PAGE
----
[Re: As the mayor announces a rise in London’s Living Wage, does it make economic sense? Yesterday]
Sam Bowman is right that low paid workers should be taxed less. The Institute for Fiscal Studies has shown that, if firms paid the Living Wage, the government would knock £1,000 per worker off of the benefits bill, giving them the option to reduce taxes. But Bowman misses two points on the issue of unemployment. First, dire predictions about increasing unemployment were made, and proved wrong, when the minimum wage was introduced. Second, most of the money going into the pockets of the lowest paid will be spent to make ends meet.
Bharat Mehta OBE, chief executive of Trust for London
[Re: City jobs bloodbath shows that backlash has gone too far, yesterday]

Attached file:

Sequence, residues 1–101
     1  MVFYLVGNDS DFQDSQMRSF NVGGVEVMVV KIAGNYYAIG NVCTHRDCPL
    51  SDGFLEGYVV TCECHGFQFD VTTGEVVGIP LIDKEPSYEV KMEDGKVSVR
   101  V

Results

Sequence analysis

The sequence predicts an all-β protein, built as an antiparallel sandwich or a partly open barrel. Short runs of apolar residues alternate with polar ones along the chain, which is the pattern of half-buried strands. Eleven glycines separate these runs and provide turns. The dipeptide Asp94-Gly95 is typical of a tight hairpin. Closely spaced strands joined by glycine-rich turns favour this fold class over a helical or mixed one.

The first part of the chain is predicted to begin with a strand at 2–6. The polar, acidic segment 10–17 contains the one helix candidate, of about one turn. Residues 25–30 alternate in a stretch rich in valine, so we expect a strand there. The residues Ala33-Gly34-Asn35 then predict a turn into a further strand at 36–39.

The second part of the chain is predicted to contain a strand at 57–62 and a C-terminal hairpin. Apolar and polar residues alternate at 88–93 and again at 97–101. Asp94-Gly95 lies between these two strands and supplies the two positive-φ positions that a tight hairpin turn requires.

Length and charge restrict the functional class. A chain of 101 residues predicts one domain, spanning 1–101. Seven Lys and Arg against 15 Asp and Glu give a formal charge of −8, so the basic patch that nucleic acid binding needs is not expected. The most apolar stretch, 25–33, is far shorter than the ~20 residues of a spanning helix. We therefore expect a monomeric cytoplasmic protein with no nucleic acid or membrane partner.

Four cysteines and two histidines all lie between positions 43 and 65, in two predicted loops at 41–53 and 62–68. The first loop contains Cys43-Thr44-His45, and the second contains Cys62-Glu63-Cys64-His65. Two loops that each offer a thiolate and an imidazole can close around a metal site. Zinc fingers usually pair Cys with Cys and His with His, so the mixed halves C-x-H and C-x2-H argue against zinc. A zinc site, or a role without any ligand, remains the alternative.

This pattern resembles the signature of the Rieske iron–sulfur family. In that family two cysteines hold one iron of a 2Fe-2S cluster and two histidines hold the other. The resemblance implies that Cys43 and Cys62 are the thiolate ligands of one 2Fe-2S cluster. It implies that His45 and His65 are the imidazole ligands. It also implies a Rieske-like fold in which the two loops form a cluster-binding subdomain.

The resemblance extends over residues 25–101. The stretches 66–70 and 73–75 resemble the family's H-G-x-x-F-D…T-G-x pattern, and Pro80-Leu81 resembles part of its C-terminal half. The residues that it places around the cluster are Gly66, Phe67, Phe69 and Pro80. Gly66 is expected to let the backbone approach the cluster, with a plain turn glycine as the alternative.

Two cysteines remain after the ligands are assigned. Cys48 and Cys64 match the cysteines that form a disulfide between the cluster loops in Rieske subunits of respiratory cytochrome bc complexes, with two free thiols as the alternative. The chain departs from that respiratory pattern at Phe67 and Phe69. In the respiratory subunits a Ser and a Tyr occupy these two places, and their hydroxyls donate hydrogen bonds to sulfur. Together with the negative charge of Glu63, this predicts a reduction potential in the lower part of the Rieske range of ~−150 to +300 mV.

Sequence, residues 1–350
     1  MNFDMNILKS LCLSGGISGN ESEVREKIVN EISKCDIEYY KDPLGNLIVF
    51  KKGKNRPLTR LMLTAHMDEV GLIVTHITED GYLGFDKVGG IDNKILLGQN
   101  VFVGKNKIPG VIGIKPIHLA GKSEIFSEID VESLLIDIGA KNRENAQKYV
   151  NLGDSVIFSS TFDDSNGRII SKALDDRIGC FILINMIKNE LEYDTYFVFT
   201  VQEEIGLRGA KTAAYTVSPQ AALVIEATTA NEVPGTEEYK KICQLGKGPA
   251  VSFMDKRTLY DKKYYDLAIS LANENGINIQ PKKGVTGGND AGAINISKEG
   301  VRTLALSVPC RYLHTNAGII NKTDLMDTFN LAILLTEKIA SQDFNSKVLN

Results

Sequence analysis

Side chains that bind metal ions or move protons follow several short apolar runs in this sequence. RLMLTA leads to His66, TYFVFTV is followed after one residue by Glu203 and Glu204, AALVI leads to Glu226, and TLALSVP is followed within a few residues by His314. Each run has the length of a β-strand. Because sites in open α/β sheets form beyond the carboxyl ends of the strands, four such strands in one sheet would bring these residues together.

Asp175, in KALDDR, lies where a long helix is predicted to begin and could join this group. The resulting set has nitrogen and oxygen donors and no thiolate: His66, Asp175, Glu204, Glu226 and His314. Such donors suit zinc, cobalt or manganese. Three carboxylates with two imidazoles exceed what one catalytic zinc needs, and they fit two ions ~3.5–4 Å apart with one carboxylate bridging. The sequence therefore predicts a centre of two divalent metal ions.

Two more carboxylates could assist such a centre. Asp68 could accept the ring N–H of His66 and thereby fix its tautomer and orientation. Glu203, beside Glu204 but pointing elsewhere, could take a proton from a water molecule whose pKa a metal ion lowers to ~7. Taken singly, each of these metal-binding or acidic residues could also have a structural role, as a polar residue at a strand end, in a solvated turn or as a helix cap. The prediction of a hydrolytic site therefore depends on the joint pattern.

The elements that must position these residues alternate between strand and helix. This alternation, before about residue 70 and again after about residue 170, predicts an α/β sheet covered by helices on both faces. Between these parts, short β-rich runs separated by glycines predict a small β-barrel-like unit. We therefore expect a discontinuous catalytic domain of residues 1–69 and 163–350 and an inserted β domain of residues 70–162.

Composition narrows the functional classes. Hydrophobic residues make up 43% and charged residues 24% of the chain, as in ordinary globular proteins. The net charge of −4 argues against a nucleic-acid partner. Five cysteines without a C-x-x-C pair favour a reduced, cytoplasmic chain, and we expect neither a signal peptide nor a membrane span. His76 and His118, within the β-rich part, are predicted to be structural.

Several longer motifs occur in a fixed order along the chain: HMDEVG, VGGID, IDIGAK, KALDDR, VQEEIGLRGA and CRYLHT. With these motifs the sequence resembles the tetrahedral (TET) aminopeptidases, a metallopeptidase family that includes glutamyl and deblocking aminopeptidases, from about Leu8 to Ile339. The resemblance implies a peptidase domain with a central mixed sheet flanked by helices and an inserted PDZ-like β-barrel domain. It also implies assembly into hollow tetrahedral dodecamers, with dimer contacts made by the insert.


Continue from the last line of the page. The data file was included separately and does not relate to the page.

While I support capital ratio requirements, I agree that tax and other transaction levies render business more attractive elsewhere. But banks are still adjusting from an era of easy profits and need more innovation in organisational efficiency, product offerings and client services. The shift of focus by banks to services and private clients could just lead to another glut of suppliers. The sector itself needs to become more competitive internationally and client focused. Recent job losses in the City are a stark reminder that the UK must both support its financial services, and ensure the health of other parts of the economy.
Cost of US 2012 elections: $6bn (£3.74bn). Exercising your right to vote: Priceless.
A clear marketing strategy pays dividends. This is why Primark has seen such a strong rise in annual sales.
Why are people complaining about Nadine Dorries going away from Parliament to appear on TV? Surely the less time MPs spend legislating the better.
Marks and Spencers profits down 9 per cent on women’s clothing. It’s because they’ve reverted to old fashioned ranges.